Art is often described as the expression of creative skill and imagination to produce works that are appreciated primarily for their beauty or emotional power. Art can also be a potent tool in helping to define a people. It can describe a culture through the visual stories it tells. It can weave a tapestry of lives and narratives—some lighter, some darker— but all forming part of the same meaningful whole. Art Motif Magazine’s next featured artist, Jessica Contreras, has the ability to craft the colorful stories of her Hispanic heritage through the creation of festive paper flowers and intricately designed skull and skeleton art. She skillfully blurs the boundaries between life and death depicting and celebrating both the mystery of our earthly existence and what lies beyond. Enjoy our interview with Jessica and discover the people, places, elements and traditions that continuously fuel her creativity.
What is essential to your work as an artist? I think the most essential thing for me is having a space where I can be creative. Big or small, I just need an area that comforts me. I like being surrounded with art by artists I love, soft lighting, good music, and a hot cup of coffee. Appealing to all of my senses helps me relax and allows the creativity to flow.
What works, events, or moments in your life have influenced your art? Years ago I took a trip to Italy and visited the Uffizi Gallery in Florence. Getting to see the Masters’ works up close and personal shifted something deep within me. I came back with a sense of inner renewal and I’ve been creating ever since.
How do your background, cultural roots, and/or sense of identity manifest in your art? I grew up in a mostly Hispanic household where everything (the music, food, art, décor) was bold and bright. I naturally gravitate toward vibrant colors and textures. I feel really lucky to have been brought up in this type of environment and my appreciation and need to explore my heritage has just helped boost my love of creating.
How has your artistic practice changed over time? The older I get, the more I want to branch out and experiment with different mediums and methods. I started out strictly painting and drawing, but over time it has evolved into paper crafting, stenciling, graphic design, wood burning, and photography. I’m learning how to solder and weld, and I eventually want to move into stained glass and jewelry making. I’m very curious and I want to learn how to do everything. I strive to be a jack-of-all-trades.
Are there any themes you gravitate towards more in your works? Celebrations like Día de los Muertos have a huge influence on me. I connect with the meaning and the rituals and I find it absolutely beautiful and deeply spiritual. I love the imagery of the Lotería game, the complicated color palettes of serapes (also zarapes), the designs of Talavera, and I feel like these themes have been a constant in my work.
Do you have a preferred genre, style or medium? I love painting, whether it’s with watercolor, acrylic, oil, or spray paint. I love being able to manipulate the colors and play with the hues. I also love paper crafting, it allows me to produce images using detailed cutting techniques, giving me the opportunity to make something beautiful and unique out of a material as simple as card stock.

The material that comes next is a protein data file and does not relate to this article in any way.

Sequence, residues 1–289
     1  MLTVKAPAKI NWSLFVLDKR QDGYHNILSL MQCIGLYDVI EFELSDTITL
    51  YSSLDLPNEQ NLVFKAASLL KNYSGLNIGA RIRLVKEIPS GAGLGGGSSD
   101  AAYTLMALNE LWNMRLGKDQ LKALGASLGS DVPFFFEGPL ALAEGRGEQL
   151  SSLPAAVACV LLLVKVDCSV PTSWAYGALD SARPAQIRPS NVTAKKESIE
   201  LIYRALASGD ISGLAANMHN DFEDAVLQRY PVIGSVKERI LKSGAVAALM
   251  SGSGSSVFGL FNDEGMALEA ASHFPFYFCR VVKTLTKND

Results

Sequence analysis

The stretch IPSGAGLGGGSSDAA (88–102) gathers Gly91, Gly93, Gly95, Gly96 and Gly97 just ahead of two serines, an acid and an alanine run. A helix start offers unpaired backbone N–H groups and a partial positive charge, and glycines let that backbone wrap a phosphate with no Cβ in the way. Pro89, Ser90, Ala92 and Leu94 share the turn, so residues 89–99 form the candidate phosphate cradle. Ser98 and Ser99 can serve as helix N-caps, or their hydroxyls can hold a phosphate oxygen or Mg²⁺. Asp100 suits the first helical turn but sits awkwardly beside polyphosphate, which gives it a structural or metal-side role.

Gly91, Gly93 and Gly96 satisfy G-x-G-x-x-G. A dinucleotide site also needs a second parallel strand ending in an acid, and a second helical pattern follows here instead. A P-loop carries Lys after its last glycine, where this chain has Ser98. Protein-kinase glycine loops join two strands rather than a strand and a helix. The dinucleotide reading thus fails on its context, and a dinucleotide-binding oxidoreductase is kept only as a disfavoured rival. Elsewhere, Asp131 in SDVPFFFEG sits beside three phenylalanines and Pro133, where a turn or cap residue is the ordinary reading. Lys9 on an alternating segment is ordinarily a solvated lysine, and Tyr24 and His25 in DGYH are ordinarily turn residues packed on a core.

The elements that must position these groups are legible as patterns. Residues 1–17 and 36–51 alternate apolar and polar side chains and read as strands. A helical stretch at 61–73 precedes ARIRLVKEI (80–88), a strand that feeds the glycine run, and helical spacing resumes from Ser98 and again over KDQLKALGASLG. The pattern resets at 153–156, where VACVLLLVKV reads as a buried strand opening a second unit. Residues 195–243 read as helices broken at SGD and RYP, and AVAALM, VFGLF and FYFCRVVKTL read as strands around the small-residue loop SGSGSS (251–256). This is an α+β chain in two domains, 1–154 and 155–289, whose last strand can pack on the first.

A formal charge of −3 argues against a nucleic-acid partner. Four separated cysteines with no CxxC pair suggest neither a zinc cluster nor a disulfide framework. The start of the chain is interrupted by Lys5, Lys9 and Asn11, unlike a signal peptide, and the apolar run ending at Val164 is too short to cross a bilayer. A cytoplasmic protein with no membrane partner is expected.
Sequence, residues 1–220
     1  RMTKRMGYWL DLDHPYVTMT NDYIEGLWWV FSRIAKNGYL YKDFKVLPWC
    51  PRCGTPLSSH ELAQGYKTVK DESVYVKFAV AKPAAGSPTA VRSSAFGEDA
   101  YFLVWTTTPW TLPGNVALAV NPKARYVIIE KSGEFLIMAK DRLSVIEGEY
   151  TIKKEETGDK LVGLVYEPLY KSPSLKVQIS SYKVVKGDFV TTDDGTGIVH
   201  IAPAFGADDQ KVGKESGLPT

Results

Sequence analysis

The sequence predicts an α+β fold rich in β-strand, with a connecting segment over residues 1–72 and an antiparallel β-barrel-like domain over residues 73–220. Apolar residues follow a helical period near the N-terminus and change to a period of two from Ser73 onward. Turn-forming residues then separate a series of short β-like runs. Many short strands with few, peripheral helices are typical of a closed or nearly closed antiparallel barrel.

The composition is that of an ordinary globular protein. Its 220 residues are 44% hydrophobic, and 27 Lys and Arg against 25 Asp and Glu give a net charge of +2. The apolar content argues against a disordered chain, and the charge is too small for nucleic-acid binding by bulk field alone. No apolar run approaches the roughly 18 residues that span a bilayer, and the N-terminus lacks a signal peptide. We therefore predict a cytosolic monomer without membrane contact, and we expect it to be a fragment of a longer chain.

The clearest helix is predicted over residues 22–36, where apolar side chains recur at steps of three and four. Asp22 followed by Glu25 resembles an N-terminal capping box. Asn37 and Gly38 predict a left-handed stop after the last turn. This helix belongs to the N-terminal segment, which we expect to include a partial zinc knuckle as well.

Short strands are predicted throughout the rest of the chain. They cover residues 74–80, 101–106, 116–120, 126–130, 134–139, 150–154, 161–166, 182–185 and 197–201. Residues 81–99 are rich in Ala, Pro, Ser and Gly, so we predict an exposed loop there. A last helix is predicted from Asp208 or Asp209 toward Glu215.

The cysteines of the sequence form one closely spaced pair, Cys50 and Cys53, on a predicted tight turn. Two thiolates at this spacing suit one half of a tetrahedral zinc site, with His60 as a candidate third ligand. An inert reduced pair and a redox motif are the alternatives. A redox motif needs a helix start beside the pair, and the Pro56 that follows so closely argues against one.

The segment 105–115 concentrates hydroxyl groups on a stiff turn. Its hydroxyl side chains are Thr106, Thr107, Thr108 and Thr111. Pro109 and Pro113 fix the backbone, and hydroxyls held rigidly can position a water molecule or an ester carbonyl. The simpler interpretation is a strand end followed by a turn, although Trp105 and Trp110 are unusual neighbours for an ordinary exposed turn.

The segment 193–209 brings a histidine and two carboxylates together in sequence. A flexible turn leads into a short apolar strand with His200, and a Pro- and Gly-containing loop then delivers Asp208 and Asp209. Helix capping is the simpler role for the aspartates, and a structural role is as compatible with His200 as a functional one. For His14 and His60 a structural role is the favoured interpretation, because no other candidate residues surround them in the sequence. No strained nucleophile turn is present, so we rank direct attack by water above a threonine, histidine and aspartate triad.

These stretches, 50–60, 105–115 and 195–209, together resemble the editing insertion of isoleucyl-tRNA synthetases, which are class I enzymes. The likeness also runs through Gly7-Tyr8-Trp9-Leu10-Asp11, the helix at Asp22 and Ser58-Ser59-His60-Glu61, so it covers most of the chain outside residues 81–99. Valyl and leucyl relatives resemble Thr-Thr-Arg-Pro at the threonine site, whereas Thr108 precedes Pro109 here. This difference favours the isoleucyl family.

What inspires you? I’m inspired by religious iconography, Mexican and Southwestern themes. I love the imagery and the unique flora and fauna of the desert.
What is your creative process? What does a typical day of creative expression look like for you? There are times when I will have a concept bubbling and brewing in my mind for days and I’ll make small sketches or write down keywords that relate to it. I usually keep a sketch pad near for those reasons and build the idea in layers in my head. Once I begin producing, I find these interesting little details and additions that seem to pop out of nowhere. There are times when it takes weeks to get a work out and onto paper because I’m still constructing it in my mind. I attempt to put it on canvas or whatever material I’m working with only when I’m confident that I can make it happen.
Different people perceive and respond differently to art. Do you recall any memorable responses by others to your works? I remember people thinking the theme of my art was a little morbid and strange, but now I think there has been a cultural shift where people are discovering the beauty of celebrations like Día de los Muertos. They are much more open to it and therefore more supportive. They can now see it as an art form.
What piece of advice would you give other aspiring artists? Don’t be intimidated by other’s work, instead let it inspire you. Find the art form and medium that you love and let it take over you and flow out. Your own style will be discovered in those moments.
Who are your favorite writers and/or poets? Emily and Charlotte Brontë, Charles Bukowski and Edgar Allan Poe.
Who are your favorite painters? Shepard Fairey, Caravaggio, Frida Kahlo, Artemisia Gentileschi, Sylvia Ji and José Guadalupe Posada.
Who are your favorite musicians/composers? David Bowie.
Who are your favorite heroes/heroines in real life? David Bowie, Queen Elizabeth I, Frida Kahlo, Nikola Tesla.
Who are your favorite heroes/heroines in fiction? Ellen Ripley, played by Sigourney Weaver, in the Alien film series and Atticus Finch from the novel To Kill A Mockingbird.
What is your favorite motto? “Imagination is more important than knowledge. For knowledge is limited, whereas imagination embraces the entire world, stimulating progress, giving birth to evolution.” – Albert Einstein
What is your idea of happiness? Happiness for me is being able to create something that I am proud of and something that others can enjoy. I would love to be a full-time artist and put all of my energy into creating and learning.
To learn more about Jessica and purchase or see more of her work, click on the following links: